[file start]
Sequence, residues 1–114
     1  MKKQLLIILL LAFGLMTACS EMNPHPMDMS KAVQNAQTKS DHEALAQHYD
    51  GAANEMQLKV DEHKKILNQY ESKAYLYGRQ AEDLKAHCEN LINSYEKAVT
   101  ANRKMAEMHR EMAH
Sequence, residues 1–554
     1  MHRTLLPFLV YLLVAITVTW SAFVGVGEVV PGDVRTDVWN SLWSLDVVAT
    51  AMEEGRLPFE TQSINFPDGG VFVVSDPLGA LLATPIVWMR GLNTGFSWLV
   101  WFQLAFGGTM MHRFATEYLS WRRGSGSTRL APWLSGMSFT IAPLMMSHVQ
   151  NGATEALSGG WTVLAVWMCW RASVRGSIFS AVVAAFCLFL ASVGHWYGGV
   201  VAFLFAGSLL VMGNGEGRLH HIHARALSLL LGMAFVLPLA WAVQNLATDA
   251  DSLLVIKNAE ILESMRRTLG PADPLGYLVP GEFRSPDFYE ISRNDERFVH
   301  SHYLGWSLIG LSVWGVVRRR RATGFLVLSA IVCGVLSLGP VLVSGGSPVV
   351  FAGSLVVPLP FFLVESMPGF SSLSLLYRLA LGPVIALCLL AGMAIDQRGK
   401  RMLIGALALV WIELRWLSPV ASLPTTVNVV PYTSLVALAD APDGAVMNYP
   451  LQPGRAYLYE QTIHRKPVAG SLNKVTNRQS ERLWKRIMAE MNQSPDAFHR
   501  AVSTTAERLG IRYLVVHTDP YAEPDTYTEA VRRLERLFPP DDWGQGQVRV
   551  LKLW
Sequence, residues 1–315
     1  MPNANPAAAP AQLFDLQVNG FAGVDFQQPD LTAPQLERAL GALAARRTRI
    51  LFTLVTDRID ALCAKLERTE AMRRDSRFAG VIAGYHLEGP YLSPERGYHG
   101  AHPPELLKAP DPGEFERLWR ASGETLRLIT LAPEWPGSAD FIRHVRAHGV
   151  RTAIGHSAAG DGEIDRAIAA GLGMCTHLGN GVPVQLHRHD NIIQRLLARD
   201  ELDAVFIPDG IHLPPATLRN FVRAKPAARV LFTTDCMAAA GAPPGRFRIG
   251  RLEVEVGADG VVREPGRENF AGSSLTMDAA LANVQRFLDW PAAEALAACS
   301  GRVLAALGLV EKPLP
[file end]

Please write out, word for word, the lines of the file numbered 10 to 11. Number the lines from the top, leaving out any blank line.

   201  VAFLFAGSLL VMGNGEGRLH HIHARALSLL LGMAFVLPLA WAVQNLATDA
   251  DSLLVIKNAE ILESMRRTLG PADPLGYLVP GEFRSPDFYE ISRNDERFVH